Belfast. The capital of Northern Ireland. Indeed, a home from home some may say. Intrigued, admittedly, by the rumoured mass drinking culture within this renowned city, I visited last week, duty free alcohol in one hand and a 'wee' Irish phrase book in the other. Fully expecting a rowdy, liver-splitting weekend, I was more than surprised to discover Northern Ireland to be severely underrated for its scenic beauty, as well as its obvious love of sheep.
The area where I placed my lodgings was a small, neighbourly town just outside of Belfast within easy driving distance to the city and the North coast. Immediately, I was taken aback by the friendly nature of the Irish folk. From the minute I walked through this small town to the very end of my trip, I must have been benignly smiled at well over a hundred times. The Irish think nothing of a sociable smile or a casual nod of recognition to complete strangers, a stark contrast in comparison to the aloof London avoid-eye-contact-at-all-costs culture.
On initial appearances, Belfast is like any other capital city in the world, large, bustling and never sleeping. However, how many cities in the world can state that they built the world's most famous cruise ship to date? Unfortunately, it sunk but that's hardly the point. It's worth noting that Belfast is also the home to the most rich and beautiful Irish accents in the whole of Ireland. In fact, after leaving, I came to the conclusion that every person looks twice as attractive if they have an Irish accent.
True to form, Belfast contains row after row of pubs and bars, the average pint amounting to the bargain price of £2.40. However, first thing that you should know about drinking in Northern Ireland is that the stout Guinness, locally known as 'Gat', is considered Ireland's national treasure, like vodka is to Russia. It is treated as a delicacy to be drunk with all the appreciation of a good cuppa to the Brits. Personally, I hate Guinness. Not one to be defeated however, I did finish an entire pint of the creamy stout. A recommended must when in Ireland, even if it is just for namesake.
Each pub in Belfast held true to its own individual style and layout. A traditional Irish pub playing folk music was neighbour to a funky, fashionable bar which contained an outdoor courtyard that was fitted with roaring fires, fairy lights, picnic tables, numerous candles and a cocktail bar, an obvious necessity.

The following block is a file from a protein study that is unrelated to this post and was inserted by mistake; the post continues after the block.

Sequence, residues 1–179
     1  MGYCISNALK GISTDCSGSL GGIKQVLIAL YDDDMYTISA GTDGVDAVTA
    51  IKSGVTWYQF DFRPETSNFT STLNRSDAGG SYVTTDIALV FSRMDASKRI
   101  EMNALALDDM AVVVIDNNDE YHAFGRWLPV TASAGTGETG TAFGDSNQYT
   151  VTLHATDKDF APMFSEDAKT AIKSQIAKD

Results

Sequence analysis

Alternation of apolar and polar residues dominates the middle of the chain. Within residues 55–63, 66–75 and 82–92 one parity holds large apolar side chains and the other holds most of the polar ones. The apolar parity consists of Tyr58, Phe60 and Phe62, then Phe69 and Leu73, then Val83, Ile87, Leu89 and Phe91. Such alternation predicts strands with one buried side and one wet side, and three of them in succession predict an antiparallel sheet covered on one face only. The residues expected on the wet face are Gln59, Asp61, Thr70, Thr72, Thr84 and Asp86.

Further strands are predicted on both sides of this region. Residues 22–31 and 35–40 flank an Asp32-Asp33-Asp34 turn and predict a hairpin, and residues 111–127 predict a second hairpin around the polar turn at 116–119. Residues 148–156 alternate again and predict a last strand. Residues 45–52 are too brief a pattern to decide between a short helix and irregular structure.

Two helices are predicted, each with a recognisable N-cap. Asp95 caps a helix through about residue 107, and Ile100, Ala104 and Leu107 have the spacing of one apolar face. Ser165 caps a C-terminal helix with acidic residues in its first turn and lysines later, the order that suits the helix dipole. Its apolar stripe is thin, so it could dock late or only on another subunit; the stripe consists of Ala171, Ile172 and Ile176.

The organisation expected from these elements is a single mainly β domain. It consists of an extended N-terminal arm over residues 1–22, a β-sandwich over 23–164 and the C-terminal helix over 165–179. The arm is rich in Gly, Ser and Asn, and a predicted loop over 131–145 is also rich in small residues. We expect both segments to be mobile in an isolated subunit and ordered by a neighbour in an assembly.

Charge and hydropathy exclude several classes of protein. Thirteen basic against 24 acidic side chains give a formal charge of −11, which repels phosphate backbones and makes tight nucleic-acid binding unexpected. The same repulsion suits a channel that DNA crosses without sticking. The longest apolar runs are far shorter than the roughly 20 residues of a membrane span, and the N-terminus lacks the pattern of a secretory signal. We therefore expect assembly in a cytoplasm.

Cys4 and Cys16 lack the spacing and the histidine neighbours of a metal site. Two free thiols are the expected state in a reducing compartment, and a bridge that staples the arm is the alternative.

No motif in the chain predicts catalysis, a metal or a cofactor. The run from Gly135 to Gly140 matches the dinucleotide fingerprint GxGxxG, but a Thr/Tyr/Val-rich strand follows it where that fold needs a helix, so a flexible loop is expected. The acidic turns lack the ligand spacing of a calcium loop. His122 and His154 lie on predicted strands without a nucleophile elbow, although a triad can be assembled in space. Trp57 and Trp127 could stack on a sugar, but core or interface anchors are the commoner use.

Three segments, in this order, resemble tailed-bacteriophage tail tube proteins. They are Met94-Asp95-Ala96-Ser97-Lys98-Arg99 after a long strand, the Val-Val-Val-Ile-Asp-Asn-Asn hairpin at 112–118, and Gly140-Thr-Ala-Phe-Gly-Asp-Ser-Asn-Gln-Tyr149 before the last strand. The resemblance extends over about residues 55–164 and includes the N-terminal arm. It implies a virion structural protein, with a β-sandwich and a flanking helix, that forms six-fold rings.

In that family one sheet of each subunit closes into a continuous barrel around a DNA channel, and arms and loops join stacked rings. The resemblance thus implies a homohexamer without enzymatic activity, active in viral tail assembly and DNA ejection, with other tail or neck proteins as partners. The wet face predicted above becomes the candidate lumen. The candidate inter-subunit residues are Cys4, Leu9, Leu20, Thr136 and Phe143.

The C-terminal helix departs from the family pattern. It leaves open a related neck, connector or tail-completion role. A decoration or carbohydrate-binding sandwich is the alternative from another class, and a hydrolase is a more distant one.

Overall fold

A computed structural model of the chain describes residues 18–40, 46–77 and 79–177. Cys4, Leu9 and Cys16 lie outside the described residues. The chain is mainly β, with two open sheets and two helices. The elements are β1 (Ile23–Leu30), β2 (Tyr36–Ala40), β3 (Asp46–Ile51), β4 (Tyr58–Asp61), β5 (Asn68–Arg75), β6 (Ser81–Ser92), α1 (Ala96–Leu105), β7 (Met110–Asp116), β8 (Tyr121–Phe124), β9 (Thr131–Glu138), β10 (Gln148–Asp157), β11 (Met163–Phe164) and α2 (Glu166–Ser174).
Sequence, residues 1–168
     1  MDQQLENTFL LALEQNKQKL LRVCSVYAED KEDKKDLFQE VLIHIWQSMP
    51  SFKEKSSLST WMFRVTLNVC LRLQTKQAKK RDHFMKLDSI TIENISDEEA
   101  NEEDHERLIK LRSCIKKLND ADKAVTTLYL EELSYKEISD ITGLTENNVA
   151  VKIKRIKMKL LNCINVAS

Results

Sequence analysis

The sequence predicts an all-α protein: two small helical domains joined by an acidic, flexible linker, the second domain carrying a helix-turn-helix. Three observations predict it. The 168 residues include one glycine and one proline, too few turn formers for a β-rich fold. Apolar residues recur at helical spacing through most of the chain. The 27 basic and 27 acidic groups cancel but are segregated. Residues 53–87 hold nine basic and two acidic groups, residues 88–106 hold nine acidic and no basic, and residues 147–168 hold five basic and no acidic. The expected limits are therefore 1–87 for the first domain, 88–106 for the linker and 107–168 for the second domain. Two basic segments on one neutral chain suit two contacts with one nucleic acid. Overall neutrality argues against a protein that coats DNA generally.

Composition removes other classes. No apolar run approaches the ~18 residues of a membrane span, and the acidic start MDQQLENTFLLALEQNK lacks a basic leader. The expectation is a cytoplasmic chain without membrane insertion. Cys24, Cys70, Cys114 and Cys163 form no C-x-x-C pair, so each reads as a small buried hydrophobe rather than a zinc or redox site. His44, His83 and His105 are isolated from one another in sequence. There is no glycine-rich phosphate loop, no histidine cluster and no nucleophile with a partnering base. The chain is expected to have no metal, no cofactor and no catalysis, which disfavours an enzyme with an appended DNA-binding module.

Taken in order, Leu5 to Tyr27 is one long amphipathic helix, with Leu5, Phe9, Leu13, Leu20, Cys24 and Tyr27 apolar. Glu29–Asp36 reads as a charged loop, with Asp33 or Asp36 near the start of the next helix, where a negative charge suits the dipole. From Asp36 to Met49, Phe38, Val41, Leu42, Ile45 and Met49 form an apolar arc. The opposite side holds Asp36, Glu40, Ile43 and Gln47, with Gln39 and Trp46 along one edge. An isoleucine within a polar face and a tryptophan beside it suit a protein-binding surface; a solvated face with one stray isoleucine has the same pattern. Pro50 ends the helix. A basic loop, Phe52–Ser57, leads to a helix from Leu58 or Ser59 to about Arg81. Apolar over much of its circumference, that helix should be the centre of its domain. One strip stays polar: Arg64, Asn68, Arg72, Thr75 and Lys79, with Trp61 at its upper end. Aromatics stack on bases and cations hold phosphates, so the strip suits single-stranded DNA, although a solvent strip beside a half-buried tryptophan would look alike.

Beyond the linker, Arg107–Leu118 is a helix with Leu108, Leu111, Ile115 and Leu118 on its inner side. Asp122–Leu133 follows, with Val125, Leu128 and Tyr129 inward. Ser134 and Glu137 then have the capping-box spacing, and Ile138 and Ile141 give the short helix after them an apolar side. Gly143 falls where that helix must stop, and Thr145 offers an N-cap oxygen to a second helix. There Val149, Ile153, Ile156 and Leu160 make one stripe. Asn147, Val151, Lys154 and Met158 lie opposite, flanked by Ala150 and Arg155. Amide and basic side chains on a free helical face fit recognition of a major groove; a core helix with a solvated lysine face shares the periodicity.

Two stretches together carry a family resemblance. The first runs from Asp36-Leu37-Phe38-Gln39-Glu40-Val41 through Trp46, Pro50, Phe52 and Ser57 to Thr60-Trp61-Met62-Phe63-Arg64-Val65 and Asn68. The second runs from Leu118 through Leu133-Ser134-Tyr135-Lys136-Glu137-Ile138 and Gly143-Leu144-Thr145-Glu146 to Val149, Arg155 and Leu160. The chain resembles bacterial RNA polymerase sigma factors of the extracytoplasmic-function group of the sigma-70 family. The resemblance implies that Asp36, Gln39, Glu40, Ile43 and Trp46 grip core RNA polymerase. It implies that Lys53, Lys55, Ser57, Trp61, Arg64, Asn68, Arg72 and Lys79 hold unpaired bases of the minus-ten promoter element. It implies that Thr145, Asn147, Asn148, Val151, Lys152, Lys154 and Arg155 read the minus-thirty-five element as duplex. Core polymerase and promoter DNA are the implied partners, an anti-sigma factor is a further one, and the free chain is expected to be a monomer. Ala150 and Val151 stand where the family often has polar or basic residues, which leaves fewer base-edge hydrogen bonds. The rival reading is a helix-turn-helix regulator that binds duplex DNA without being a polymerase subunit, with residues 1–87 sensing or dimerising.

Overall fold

The following morning, up, dressed and somewhat hungover, I proceeded to the infamous Irish North coast. Driving down winding country roads, over small stone bridges sheltering intricately woven streams, I began to fully appreciate the surrounding picturesque landscapes. Despite wondering whether the sheep population was, in fact, larger than Northern Ireland's human population, I couldn't help but appreciate the panoramic, mural scenery. Masses of well-kept farmland and flower fields were surrounded by grassy hills that stretched as far as the eye could see. By the time I reached the North coast, I was certain I would discover yet more legendary works of Mother Nature.
First stop was the National Trust site Carrick-A-Rede. This site sports a short, but no less terrifying, thirty-metre high rope bridge that connects the mainland to a small rocky island over the North Atlantic Ocean. Naturally, island coasts attract higher wind speeds than the majority of the rest of the country: Carrick-A-Rede is no exception. Walking across the eerily swaying bridge was one of the highlights of my trip. Once reaching the small, rocky island and overlooking its steep cliffs, I looked out over the clear blue ocean feeling utterly at peace, hangover no where in sight. The panoramic views of both the clear turquoise ocean and the greenness of the mainland are enough to take your breath away.
The Giants Causeway is a mere twenty-minute drive from Carrick-A-Rede and definitely worth a visit. Steeped in legend and geological mystery, the Causeway is the perfect place for peaceful reflection. Situated along the North coast and almost engulfed by the Atlantic's ferocious waves, the Causeway resembles a pathway created by a vast number of oddly shaped stones that fit together in a peculiar way. Maybe it was the stories of the legends which were being told by fellow tourists all around me but the Causeway had a most definite magical feel, if nothing but making you appreciate the power of nature.
Whether you travel to Northern Ireland for its drinking, beauty or magic, this magnificent part of the world can cater for your needs. On leaving, you will already be planning your next trip, buying extra layers in preparation and asking for 'a pint of Gat'.Suggest a correction